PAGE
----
The Forgotten Beasts of Eld by Virginia Poyser. Victoria is currently working under her married name of Virginia Lisi and no longer focusing on SF-related art. I couldn’t find a good copy of this picture online, but her website is https://victoria-lisi.pixels.com/
A Stitch in Time by David Cherry (brother of CJ Cherryh)
https://davidcherryart.com/prints/a-stitch-in-time/ I don’t believe this piece is connected to a specific book, but it appealed to me as someone who occasionally stitches.
A paper book or an e-book?
When I’m home, I’m a traditionalist and prefer paper. When I’m travelling, or when the library only has the ebook, I’ll happily reach for the e-reader for novels. I dislike non-fiction and graphic novels as e-books.
Three titles for a holiday break?
Did I say that I hate giving recommendations?
Fortune's Pawn by Rachel Bach and the sequels (though it looks like others who tried it here on BL haven’t liked it much)
When Dimple Met Rishi – light realistic fiction YA – definitely recommend the audiobook.
The Rook by Daniel O'Malley. Suggested in honor of the Summer of Spies.
My absolutely favorite quote is
Life is uncertain, eat dessert first.
(Often misremembered as – Life is short, Eat dessert first)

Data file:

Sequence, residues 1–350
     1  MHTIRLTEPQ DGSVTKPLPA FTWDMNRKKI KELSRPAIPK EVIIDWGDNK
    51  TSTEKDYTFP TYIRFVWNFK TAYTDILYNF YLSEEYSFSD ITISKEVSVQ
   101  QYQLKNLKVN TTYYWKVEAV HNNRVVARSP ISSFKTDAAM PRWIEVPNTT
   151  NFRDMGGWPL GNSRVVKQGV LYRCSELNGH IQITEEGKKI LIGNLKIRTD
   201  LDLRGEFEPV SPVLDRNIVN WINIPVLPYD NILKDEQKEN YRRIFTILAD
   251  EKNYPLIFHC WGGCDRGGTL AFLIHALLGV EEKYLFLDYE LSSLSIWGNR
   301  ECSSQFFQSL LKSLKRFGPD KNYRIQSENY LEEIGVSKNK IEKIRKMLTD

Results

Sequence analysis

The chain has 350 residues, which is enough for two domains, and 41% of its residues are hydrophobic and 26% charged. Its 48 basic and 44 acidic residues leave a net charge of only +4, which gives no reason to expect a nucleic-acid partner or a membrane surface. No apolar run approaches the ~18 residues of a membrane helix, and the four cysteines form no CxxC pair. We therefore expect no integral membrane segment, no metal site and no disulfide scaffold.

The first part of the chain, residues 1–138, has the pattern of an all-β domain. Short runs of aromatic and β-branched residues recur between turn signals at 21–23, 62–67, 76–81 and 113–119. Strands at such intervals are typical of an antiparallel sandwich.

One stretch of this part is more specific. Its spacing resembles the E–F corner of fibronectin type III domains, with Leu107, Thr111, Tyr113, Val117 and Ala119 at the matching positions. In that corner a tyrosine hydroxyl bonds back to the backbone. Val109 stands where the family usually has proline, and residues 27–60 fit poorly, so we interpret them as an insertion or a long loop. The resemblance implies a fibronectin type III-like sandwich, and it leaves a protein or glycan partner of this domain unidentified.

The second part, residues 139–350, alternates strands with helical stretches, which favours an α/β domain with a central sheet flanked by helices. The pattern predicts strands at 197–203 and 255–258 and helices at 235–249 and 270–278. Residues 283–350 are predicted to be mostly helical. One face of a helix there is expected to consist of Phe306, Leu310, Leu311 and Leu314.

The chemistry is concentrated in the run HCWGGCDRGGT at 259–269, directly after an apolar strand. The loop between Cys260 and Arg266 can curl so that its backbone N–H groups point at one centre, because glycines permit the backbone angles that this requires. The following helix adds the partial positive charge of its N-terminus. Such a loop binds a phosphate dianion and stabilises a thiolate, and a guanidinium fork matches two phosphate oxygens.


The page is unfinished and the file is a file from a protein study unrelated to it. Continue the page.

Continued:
And when I was in college I spent several years doing just that.
Despite coming late to canine ownership, my favorite bookish quote is
Outside of a book, a dog is man’s best friend
Inside of a dog, it’s too dark to read
Shelfie time! Please share your home library photos :)
The first two pictures are of the two bookcases in the living-room, which contain cookbooks, religion reference works and library books. Life has been so much easier, with many fewer desperate searches for the overdue or missing books since we cleared off shelves a shelf for me and a shelf for my sons to keep our library book in the right hand case.
The last picture is of a few of the 13 bookcases in the basement library. We’re in the middle of re-sorting/re-shelving/trimming the collection as we recently decided to store all fiction alphabetically by author and to stop trying to sort by genre. And while the basement is mostly fiction, there are 2 ceiling high cases full of my husband’s history references.